Developer: Mutan

Publisher: Mutan

Platform: Nintendo Switch (eShop)

Category: Action & First Person

Release Date: 24th of August, 2017 (JP) & 28th of August, 2017 (PAL & NA)



Fun fact: I played Sky Ride and prepared the review on an airplane. I guess you could call my experience a true… sky ride. Here’s another fun fact: sitting quietly on the airplane was more entertaining than any moment I spent playing this game.

Sky Ride Lantern.jpg

In Sky Ride, you play as a young woman on a flying motorbike and shoot flying lanterns…for some reason. The game doesn’t explain anything to you beyond a single loading screen picturing said woman and bike. I did some research and actually found a six sentence synopsis on the game’s official website. But I’ll spare you the details since the game itself makes no effort whatsoever to share its own story.

Sky Ride Loading Screen.jpg

Back to the gameplay: you fly around and fire at hundreds of these flying lanterns. Your main weapon is a built-in machine gun on your bike that automatically shoots in front of you. You can also use missiles, lasers, and bombs. These secondary weapons lay more waste and produce nice explosions, but the limited ammunition takes time to reload, unlike the machine gun with its infinite ammo. Shooting large quantities of enemies has its moments, and it’s definitely unique to fly a motorbike around. Although it sounds like a decent arcade game in theory, this sky ride isn’t as pleasant as it seems.

Sky Ride Explosion.jpg

First off, the controls are a mess. Your motorbike and on-screen aiming reticule are independent of each other. You move forward, backward, and sideways with the left stick, which is self-explanatory. However, the camera, controlled by the right stick, follows the on-screen reticule as opposed to where the motorbike is facing. Half the time, I was navigating my motorbike without any clue where it was going. Not that it mattered, since the awkward camera angle makes it near impossible to tell what’s around you anyway. What’s even worse is that moving the reticule up and down actually makes you ascend and descend, leading to a disconnect between motorbike movement and aiming. Protip: there is an option to hold the left stick down to aim up and down without moving, but it’s still difficult to achieve consistently, not to mention the game doesn’t explain this anywhere. I think this game was trying to achieve a style similar to that of Sin and Punishment and Star Fox, but without on-rails gameplay, the whole experience falls flat.

Sky Ride Chaos.jpg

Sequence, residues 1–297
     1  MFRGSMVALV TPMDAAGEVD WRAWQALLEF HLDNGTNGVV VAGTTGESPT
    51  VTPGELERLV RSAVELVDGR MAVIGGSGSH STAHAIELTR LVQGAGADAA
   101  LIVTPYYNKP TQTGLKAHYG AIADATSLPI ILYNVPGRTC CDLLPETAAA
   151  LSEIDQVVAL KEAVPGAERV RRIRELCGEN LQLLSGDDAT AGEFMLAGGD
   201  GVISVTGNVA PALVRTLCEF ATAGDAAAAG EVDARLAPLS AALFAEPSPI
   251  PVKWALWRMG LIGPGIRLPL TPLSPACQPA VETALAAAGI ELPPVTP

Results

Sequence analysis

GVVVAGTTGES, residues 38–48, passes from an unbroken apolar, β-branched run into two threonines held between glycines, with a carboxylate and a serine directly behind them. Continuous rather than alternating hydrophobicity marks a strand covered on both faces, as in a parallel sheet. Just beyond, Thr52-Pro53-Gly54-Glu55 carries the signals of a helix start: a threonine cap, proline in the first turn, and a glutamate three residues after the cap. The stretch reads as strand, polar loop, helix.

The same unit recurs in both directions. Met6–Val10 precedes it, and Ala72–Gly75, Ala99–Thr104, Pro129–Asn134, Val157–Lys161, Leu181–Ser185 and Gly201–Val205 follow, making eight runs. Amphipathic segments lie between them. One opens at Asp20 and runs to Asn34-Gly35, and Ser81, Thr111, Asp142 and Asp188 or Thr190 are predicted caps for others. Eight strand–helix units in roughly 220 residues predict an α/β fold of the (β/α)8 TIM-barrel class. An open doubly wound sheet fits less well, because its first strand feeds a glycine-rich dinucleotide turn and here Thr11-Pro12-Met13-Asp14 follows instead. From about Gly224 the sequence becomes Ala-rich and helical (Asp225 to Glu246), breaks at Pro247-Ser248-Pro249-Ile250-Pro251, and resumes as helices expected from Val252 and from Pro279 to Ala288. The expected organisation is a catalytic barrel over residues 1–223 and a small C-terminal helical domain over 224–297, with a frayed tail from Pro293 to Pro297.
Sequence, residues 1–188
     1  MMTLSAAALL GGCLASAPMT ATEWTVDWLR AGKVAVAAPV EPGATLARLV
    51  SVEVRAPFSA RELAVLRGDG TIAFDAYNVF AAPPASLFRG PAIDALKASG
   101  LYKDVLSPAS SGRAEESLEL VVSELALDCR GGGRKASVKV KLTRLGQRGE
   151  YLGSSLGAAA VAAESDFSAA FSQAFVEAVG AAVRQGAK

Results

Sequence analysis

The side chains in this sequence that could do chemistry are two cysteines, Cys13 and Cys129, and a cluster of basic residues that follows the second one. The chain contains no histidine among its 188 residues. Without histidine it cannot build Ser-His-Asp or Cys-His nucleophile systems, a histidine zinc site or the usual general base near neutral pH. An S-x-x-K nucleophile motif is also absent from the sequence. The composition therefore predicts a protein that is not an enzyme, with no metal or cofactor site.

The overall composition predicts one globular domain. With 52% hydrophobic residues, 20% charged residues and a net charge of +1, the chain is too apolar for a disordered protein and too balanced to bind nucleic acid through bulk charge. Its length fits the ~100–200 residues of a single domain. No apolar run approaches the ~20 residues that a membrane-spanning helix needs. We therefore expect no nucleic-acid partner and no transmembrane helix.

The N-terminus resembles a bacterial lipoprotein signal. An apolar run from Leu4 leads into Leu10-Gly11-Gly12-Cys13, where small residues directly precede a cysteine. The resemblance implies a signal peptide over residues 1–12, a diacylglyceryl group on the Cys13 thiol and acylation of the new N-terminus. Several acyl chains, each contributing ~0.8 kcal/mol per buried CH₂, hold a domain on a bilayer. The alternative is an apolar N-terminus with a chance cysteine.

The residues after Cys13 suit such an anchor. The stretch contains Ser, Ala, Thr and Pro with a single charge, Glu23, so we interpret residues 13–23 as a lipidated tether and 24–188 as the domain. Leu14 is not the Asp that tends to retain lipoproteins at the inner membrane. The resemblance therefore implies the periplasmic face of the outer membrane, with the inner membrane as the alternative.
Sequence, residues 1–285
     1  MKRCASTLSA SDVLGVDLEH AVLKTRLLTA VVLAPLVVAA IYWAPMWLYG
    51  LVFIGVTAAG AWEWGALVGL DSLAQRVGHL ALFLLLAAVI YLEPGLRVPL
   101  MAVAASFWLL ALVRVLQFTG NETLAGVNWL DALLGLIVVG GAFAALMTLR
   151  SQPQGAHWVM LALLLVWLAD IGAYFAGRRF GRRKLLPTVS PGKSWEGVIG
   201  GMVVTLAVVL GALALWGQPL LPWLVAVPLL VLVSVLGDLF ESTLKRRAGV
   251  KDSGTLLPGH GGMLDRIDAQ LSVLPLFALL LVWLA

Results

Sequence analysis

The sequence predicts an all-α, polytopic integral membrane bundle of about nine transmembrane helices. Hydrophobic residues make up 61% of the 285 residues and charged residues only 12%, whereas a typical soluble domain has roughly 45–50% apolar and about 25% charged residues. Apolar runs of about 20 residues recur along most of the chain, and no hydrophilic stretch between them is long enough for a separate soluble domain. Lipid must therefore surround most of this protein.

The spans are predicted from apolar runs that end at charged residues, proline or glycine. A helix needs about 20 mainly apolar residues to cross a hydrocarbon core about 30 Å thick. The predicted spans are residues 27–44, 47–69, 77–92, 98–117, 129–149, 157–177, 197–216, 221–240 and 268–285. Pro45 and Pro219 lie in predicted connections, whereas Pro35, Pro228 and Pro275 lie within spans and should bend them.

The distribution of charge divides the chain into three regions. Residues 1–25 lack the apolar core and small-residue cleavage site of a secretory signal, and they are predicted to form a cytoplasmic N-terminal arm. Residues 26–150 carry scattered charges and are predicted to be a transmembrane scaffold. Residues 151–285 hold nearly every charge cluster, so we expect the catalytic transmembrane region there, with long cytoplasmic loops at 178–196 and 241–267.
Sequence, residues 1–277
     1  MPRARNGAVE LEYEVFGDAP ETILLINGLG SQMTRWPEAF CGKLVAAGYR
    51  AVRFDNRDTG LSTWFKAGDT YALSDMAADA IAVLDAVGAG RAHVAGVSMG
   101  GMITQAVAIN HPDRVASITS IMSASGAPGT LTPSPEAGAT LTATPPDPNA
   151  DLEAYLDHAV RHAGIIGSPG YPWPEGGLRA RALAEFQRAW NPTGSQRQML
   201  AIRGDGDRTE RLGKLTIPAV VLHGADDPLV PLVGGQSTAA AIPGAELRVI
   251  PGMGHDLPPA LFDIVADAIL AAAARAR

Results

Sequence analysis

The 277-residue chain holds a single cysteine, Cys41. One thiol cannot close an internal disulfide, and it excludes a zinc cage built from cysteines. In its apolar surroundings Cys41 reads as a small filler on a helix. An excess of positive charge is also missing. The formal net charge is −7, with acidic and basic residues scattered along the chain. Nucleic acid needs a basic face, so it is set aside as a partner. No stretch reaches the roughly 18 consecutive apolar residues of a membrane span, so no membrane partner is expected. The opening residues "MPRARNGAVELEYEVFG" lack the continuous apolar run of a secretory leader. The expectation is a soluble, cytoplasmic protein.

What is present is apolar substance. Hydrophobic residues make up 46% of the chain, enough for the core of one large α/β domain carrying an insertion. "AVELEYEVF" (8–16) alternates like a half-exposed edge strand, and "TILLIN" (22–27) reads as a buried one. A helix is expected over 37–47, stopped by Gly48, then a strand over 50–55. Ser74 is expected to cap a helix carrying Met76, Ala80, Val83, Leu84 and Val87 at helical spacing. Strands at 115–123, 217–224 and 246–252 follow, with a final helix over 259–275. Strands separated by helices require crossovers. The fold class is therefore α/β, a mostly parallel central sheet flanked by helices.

The controls take getting used to, but it might not even matter once you confront the erratic enemy AI. I still have no clue what pattern the lanterns travel. The smaller lanterns are easy to deal with, but later on, larger lanterns appear that completely swarm you. Then, robots begin to annihilate you with homing missiles and lasers. Again, remember that simply navigating your vehicle is difficult enough. It’s frustrating to get bombarded and have no idea what just happened. While defeating enemies does yield health refills, it’s far too easy to go from 100% to 0% health in an instant.

And it only gets harder with each progressive level. By the way, I use the term “level” loosely. There is only one level in Sky Ride, a contained flooded area with highways jutting out into nowhere and a few rock formations. You’re in the air most of the time anyway, but it just feels cheap to be confined to this singular uninspired area. And since you face the same enemies and even bosses over and over again in each “level,” this makes for one of the most repetitive experiences I’ve had on the Nintendo Switch thus far.

Sky Ride Boss

Once you inevitably die, probably from the completely unruly second boss, you input your high score. Adding to the list of disappointments, there isn’t even an online leaderboard, so have fun playing the same level over and over to beat your own score. Following that, the game resets to…Oh right. Did I mention that Sky Ride doesn’t even have a main menu? Instead, you are greeted with a darkened screen, featuring the name and leaderboards, where you can silently demo the one level (just in case you wanted to perfect it).

Sky Ride Menu.jpg

It doesn’t help that the game’s textures are extremely jagged, and I can literally see through objects like exploding lanterns or rocks when I’m close enough. Think early GameCube graphics. I thought the upbeat synthesized music was okay, but with only a couple of songs in the entire game, you’ll grow tired of it soon enough.




With only one level, repeated enemies, and a wonky control scheme, Sky Ride plays like a cheap, tedious arcade game. It’s a shame, too, because the high-flying bike shooter premise has promise. Had this included a full storyline with multiple levels and many more enemies, I think I could have enjoyed the experience beyond its glaring control issues. And the controls themselves could have been fixed with either an on-rails scheme or first-person gameplay. As the dull game it is now, Sky Ride is not worth your time.






*Review Key Provided by Mutan


Thank you for reading! You can check out more of Mr. Panda’s articles at Mr. Panda’s Reviews and Nintendo reviews and videos on his YouTube Channel, Pandas at Play.

By Mr. Panda

Mr. Panda is a lifelong fan of Nintendo. Having started playing video games at a very young age, he has since collected every major Nintendo console and handheld. He even had a video game themed wedding, which featured centerpieces based on Smash Bros. trophies before amiibo was even announced. He loves to share his opinions of games and wants to help you make informed decisions. You can follow him on Twitter @MrPanda2002 and check out his videos at Enjoy, leave feedback, and game on!

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